Drawbar for Collets

For standard pull-in collets, a drawbar and handwheel will be required. They are simple to make, and can be altered according to convenience. The essential details and dimensions are shown in the drawing. As the thread in the end of the drawbars used n the clock tool trade of the collet, you may have to make a special tap unless you can get one of the drawbars used in the clock tool trade and adapt it for length. A hollow drawbar is not generally needed for a milling spindle, but there are occasions when it may be useful.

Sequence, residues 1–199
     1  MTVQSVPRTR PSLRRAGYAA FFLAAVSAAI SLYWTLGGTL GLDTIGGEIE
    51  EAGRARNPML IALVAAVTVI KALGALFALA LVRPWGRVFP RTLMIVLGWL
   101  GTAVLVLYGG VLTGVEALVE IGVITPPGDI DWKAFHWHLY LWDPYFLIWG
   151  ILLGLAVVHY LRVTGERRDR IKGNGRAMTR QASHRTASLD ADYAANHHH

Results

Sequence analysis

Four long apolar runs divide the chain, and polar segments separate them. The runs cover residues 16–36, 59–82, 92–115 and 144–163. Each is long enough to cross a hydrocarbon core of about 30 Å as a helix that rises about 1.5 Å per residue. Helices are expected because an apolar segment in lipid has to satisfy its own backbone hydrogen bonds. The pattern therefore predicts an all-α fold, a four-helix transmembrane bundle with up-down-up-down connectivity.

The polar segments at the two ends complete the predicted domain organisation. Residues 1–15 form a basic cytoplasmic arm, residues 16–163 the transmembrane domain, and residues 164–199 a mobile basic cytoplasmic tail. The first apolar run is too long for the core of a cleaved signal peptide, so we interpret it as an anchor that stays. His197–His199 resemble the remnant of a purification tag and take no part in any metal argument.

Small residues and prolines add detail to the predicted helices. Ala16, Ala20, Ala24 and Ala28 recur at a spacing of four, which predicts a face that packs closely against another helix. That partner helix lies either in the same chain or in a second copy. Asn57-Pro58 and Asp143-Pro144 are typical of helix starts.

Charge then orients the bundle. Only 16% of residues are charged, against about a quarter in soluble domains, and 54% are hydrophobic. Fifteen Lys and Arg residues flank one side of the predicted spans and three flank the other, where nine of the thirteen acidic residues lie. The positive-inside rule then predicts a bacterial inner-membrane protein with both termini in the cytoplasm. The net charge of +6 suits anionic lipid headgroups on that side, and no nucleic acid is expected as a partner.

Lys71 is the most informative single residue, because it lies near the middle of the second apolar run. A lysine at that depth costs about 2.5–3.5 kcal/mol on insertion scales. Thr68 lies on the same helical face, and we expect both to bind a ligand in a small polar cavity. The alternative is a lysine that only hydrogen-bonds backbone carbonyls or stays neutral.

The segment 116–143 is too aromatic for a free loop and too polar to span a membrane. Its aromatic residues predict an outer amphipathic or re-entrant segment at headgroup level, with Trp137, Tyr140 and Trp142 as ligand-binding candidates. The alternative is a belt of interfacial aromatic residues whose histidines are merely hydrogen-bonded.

To ensure concentric truth on the end face and inside and out, turn, screwcut and bore at one setting. It should be a running fit on the spindle, but without any tendency to bind when it is adjusted and locked up; a little extra clearance is better than excessive friction. The flange of the bush, and also the edge of the lock nut, may be notched to take a C-spanner, as for the adjusting collars of the indexing spindle. There is no real need to limit the diameter of these parts, as the spindle assembly is inserted in the quill holder from the reverse end, but it is just as well to maintain some uniformity. The side faces of the lock nut should be machined true with the thread. This applies also to the spindle lock nuts; you can make them hexagonal for convenience in adjusting them with a thin spanner. For the thrust collar, I suggest an oil-hanrdening steel, but mils steed; if it can be case-hardened without distortion, is quite suitable. The collar can be machined from bar and parted off at one setting, with the entering end of the hold slightly chamfered, so that it will be sure to go right home against the shoulder on the spindle. At this point it should be a light press fit, but the rest of the surface may be slightly eased done for convenience in fitting. After being hardened, the collar should be lapped true on both the front and back surfaces, and checked for parallelism with a micrometer. A piece of plate glass, smeared with fine carborundum or emery paste, is suitable for these flat lapping operations.The driving pulley is another component which is subject to modification; the details and dimensions shown are suitable for general purpose. It will take either in. round belting (Whiston’s plastic belting is specially suitable) or endless V-belt of in. section. The angle of 40 degrees ‘inclusive, with the bottom of the groove clear of the belt, gives the most efficient belt grip possible. Many pulleys are made with too obtuse a groove angle, allowing the belt to bottom, with excessive slip and loss of efficiency. The pulley is mainly driven by friction between the two lock nuts ‘on the spindle, but a driving pin is also fitted (after end locations are adjusted). It consists of a 4 BA steel screw with the end turned down to fit a in. hole in the spindle. You had better drill the tapping hole in the pulley, and counterbore it to in. diameter, before the groove is fully turned, or you may find it difficult to start the drill. A hole is also drilled in the taper part of the spindle to take the collet locating pin, which should be a light driving fit, and of such a length that it neither projects above the journal surface, nor fouls the keyway in the collet when or the spindle itself, and though more elaborate keying arrangements are often used I have not found them necessary.